Sontshi, who was a police officer later in his life and also coached at school level, played out of the Midlands district of the erstwhile North-Eastern Cape, and represented the African Springboks from 1968 to 1971.
“Bennie Sontshi was one of a host of players who loved the game of rugby, but were denied the opportunity to play under normal circumstances, and we have a duty to honour his legacy,” said Mr Alexander.
“The times in which he and others played rugby, was a difficult time in the history of South Africa, but they still made the most of their opportunities and ensured they got to live their dreams, even though they were hampered by the political situation of the day.
“Our condolences go out to Bennie’s family, friends and other loved ones in this difficult time. May you find solace in the memories that will live on forever.”
Sontshi was in the African Springboks’ team that faced the Proteas almost 50 years ago, on 21 August 1971 – a mere four months before the historic overseas tour of the Proteas – in the first of their annual ‘test’ match series at the Athlone Stadium in Cape Town.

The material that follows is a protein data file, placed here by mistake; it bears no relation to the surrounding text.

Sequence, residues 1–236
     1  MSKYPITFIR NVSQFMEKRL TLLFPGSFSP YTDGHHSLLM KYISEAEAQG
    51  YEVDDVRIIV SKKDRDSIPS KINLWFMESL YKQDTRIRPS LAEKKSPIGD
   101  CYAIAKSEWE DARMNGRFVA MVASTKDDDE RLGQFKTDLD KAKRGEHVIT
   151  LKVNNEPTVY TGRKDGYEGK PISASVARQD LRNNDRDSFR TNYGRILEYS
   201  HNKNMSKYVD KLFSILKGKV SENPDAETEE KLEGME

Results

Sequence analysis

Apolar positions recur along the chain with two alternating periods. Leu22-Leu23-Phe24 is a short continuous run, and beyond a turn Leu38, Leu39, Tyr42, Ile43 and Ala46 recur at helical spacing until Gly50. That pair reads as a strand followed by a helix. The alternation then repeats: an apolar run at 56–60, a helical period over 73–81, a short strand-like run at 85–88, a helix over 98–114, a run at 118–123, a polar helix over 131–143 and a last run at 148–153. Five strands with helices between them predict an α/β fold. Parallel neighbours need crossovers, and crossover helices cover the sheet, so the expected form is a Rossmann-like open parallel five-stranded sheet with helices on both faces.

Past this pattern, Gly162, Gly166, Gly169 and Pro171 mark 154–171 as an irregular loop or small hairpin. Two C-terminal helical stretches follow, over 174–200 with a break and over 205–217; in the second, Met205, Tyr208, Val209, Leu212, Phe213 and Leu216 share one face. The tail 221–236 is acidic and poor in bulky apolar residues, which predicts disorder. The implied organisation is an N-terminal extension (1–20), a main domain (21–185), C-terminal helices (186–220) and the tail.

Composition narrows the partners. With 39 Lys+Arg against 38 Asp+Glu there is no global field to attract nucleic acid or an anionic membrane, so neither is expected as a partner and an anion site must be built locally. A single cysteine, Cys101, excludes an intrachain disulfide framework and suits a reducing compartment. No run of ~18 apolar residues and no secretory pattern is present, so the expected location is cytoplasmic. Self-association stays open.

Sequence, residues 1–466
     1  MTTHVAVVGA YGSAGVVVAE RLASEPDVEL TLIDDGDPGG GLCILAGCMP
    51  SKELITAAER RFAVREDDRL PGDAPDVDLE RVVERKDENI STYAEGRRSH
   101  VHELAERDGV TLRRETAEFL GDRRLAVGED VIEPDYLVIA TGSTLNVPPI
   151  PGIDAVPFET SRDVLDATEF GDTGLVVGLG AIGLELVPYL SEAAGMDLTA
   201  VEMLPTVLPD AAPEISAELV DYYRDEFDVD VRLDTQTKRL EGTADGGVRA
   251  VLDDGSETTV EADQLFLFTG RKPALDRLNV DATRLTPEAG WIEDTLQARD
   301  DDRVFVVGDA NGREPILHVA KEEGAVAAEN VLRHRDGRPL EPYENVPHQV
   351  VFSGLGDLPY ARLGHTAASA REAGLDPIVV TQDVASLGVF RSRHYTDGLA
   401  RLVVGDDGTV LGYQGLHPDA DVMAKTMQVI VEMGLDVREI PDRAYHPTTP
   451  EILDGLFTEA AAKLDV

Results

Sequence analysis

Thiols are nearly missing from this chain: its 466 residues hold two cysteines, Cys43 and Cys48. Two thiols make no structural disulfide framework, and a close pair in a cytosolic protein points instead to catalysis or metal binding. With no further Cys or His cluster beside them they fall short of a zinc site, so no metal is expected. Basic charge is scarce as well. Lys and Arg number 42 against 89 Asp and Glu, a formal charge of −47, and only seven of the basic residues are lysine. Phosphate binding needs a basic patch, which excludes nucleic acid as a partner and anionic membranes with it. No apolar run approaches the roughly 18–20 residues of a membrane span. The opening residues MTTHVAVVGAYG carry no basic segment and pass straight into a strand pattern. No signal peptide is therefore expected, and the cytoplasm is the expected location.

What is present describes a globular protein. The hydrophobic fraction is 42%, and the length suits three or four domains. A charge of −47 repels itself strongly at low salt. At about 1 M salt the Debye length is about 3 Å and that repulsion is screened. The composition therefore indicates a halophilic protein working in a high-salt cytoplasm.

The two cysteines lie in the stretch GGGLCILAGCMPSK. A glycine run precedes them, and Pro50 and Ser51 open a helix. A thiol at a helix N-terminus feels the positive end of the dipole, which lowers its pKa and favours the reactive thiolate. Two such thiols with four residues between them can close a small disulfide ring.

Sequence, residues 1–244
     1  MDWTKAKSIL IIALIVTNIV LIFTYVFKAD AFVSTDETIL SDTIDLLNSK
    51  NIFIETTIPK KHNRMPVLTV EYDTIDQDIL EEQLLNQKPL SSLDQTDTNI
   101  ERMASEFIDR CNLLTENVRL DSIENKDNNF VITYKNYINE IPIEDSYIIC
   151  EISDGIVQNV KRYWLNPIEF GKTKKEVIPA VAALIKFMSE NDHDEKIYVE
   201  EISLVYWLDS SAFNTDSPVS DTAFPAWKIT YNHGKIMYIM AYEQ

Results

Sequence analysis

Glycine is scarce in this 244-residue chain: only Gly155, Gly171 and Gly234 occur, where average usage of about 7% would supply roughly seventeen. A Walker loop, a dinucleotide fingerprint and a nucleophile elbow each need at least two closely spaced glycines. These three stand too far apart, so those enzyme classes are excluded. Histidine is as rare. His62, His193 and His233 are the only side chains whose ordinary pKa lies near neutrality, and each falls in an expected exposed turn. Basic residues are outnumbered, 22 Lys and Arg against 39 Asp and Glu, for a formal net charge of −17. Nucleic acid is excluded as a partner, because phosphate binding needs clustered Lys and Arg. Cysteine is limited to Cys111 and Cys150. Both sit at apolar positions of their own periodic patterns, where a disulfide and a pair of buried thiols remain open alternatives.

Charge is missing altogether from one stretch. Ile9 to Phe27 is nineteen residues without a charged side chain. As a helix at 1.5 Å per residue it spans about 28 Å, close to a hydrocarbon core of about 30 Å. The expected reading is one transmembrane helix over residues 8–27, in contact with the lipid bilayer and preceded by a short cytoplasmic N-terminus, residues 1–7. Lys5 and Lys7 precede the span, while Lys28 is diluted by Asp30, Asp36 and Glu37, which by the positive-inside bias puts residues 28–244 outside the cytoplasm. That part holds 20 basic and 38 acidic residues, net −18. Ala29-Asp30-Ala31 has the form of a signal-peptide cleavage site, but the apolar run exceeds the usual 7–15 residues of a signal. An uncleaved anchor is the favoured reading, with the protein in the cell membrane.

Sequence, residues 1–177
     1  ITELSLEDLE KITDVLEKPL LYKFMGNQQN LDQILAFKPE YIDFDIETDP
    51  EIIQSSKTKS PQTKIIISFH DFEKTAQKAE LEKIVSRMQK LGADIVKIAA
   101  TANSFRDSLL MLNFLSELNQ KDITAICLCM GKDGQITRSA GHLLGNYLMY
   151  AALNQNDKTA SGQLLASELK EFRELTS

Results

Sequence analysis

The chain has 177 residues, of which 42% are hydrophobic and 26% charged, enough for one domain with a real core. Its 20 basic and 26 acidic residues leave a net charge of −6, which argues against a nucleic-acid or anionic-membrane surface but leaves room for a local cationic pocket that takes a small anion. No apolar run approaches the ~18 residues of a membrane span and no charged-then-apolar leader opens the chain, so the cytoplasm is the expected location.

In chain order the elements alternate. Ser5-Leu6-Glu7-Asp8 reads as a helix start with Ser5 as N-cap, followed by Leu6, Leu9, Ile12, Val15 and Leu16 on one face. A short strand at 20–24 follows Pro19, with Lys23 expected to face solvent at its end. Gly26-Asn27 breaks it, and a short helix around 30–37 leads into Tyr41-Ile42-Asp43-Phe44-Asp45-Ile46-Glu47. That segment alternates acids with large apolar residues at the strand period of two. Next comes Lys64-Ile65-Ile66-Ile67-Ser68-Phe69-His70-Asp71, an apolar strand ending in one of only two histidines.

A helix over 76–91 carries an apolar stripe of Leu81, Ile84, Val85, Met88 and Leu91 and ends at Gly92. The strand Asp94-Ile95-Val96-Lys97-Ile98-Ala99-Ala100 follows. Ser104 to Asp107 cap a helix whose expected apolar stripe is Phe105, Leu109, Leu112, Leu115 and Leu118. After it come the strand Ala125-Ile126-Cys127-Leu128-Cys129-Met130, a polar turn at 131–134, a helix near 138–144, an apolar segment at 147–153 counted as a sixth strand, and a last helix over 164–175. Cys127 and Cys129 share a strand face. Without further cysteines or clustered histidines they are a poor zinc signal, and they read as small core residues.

The match was billed as an unofficial trial for the selection of the touring team of the Proteas, took place against the background of appeals by the South African Rugby Union (SARU) for the discontinuation of ethnic and race-based matches.
Within the ranks of the African Springboks playing with Sontshi were notable players such as Mbulelo Matomela, Jack Dolomba, Norman Mbiko, Thompson Mgxala, Stambo and Morgan Cushe as well as Henry Ketello.
It was a tight match and the Proteas led by 3-0 at half-time, but the African Springboks dominated the second half, taking a 5-3 lead through a try by Matomela, converted by Cushe, before Sontshi broke the line and scored close to the posts to help his team secure a memorable victory by 10-3.